I expected we’d face a few challenges during the course of our adoption, but I never imagined that negotiation with my employer would be one of them.
Like many babies adopted domestically, Mollie entered our lives rather abruptly. One winter morning, I answered my phone at work and heard those magic words, “You’ve been picked!” Mollie was born in a town about 200 miles away. Her birth mother had chosen us out of a stack of profiles shortly after the birth. By dinnertime, my husband, Steve, and I arrived at the hospital to meet Mollie’s birth mother and bring our new daughter home. It was a dream come true.
At the time Mollie was born, I had been employed full-time with a local government agency for about five months. My work was stimulating and challenging. I loved it. As soon as we returned home with Mollie, I e-mailed my supervisor to request three days leave without pay. Over those days, I thought, Steve and I would figure out how to balance our work responsibilities and caring for our newborn (our older daughter, then two, was happily established at a family day care). Steve, a schoolteacher, shared a classroom with another teacher, so he would stay home two days a week. We decided that I would ask to work from home three days a week or, if that wasn’t possible, to reduce my workload so that I could simply stay home those three days. That way, Steve or I could always be home with Mollie for the first months of her life. Or so we thought.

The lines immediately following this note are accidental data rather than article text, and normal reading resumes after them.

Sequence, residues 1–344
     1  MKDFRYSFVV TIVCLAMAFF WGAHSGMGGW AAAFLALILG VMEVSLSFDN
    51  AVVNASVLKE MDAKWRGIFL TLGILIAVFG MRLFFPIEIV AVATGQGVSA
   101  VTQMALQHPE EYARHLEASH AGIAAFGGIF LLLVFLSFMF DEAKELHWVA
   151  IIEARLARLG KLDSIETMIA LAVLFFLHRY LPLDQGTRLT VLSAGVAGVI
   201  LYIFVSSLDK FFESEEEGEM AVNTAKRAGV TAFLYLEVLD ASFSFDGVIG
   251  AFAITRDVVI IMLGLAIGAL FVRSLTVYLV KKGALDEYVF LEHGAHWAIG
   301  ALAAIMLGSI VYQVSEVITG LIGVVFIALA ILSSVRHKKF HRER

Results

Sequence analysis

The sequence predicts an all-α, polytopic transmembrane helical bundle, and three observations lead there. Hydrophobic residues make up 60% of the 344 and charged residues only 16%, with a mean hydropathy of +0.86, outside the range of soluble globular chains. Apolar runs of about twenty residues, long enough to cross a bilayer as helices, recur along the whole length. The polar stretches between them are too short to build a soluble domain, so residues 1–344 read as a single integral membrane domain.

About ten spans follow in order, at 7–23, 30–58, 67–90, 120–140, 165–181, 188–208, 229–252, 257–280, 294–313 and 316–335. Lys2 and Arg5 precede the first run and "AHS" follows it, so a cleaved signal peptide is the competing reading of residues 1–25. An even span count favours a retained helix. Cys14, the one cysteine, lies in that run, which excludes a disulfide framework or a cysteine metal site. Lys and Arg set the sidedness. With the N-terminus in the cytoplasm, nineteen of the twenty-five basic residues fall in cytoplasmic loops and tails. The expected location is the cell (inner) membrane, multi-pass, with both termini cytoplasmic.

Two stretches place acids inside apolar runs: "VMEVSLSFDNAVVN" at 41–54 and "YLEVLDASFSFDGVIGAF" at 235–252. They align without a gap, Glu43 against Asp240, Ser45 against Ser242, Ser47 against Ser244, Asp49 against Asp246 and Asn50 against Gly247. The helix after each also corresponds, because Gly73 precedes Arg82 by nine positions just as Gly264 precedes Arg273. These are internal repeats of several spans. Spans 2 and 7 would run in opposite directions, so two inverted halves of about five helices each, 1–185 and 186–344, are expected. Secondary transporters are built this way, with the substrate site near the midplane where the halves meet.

Stuck in red tape
Over the next two weeks, I met a bewildering array of barriers to what we’d assumed was a reasonable request. After days of back-and-forth negotiation and poring over policies and regulations, I found myself sitting in the human resources office, listening to an explanation of all the doors that were closed to me and why. I couldn’t take pregnancy leave because I hadn’t been pregnant. Short-term disability leave didn’t apply, because I wasn’t temporarily disabled by the event of giving birth. I was not eligible for the federal Family and Medical Leave Act (FMLA), because I hadn’t been with my employer for one year. I could not use the few vacation hours I had accumulated, because I hadn’t yet been employed for six months. I couldn’t use sick leave because I wasn’t sick. And, in one incredible moment, the HR staff member called the head of the department to ask if I could use three days of family sick leave to care for my newborn.
“Well, is the baby sick?” I could hear the voice on the other end of the line. “If so, the mom will need a doctor’s note. But if the baby is healthy, family sick leave isn’t an option for her.”
I was stunned. The HR staff members were nice people and personally sympathetic to my situation. Nonetheless, they were bound by policies that left no room for flexibility. “Adoption leave” didn’t fit any of the categories available to employees who had unusual and unexpected family needs.
I was exhausted from having been up all night with a newborn, and I broke down at this point. It seemed my only option was to resign from a job that I loved. “What am I supposed to do?” I wailed to the kind HR lady, as she handed me tissues. Perhaps naively, I had imagined that adoption would qualify for the same workplace protections and considerations as childbirth.
A happy medium
In the end, my employer and I reached a compromise. After the HR staffer sent a final memo to the top boss, the company agreed to temporarily reduce my position to four days a week. I was also given permission to bring Mollie to the office with me two of the four days. It wasn’t what I’d imagined during those three blissful days when Steve and I were both home with our newborn, but it was something I could live with.
In hindsight, I wish I had done my research and laid the groundwork for negotiating with my employer before Mollie arrived. With better preparation, I could have avoided the worry of those first weeks, and simply basked in the delight of my wonderful new daughter.